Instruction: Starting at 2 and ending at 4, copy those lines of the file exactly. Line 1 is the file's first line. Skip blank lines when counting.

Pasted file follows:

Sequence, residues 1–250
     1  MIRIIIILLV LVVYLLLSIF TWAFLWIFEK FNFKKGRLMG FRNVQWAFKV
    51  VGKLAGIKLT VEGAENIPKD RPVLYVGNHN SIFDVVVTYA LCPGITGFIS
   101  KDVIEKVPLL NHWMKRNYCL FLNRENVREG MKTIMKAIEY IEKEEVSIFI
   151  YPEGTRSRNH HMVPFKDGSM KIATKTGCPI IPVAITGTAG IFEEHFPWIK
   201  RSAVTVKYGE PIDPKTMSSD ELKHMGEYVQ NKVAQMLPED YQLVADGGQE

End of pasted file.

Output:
     1  MIRIIIILLV LVVYLLLSIF TWAFLWIFEK FNFKKGRLMG FRNVQWAFKV
    51  VGKLAGIKLT VEGAENIPKD RPVLYVGNHN SIFDVVVTYA LCPGITGFIS
   101  KDVIEKVPLL NHWMKRNYCL FLNRENVREG MKTIMKAIEY IEKEEVSIFI